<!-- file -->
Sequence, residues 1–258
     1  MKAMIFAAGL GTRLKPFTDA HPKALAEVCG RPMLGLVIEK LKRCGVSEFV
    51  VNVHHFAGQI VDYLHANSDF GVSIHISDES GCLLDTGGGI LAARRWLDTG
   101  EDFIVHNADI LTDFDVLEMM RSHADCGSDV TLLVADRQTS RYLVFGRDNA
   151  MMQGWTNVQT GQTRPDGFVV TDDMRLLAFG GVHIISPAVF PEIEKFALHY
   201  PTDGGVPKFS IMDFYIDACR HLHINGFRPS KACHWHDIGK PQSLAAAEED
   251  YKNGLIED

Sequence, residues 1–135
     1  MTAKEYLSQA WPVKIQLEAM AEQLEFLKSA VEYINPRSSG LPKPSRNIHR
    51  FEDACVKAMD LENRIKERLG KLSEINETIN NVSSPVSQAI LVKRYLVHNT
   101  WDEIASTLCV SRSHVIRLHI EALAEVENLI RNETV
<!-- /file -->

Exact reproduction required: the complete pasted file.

Sequence, residues 1–258
     1  MKAMIFAAGL GTRLKPFTDA HPKALAEVCG RPMLGLVIEK LKRCGVSEFV
    51  VNVHHFAGQI VDYLHANSDF GVSIHISDES GCLLDTGGGI LAARRWLDTG
   101  EDFIVHNADI LTDFDVLEMM RSHADCGSDV TLLVADRQTS RYLVFGRDNA
   151  MMQGWTNVQT GQTRPDGFVV TDDMRLLAFG GVHIISPAVF PEIEKFALHY
   201  PTDGGVPKFS IMDFYIDACR HLHINGFRPS KACHWHDIGK PQSLAAAEED
   251  YKNGLIED

Sequence, residues 1–135
     1  MTAKEYLSQA WPVKIQLEAM AEQLEFLKSA VEYINPRSSG LPKPSRNIHR
    51  FEDACVKAMD LENRIKERLG KLSEINETIN NVSSPVSQAI LVKRYLVHNT
   101  WDEIASTLCV SRSHVIRLHI EALAEVENLI RNETV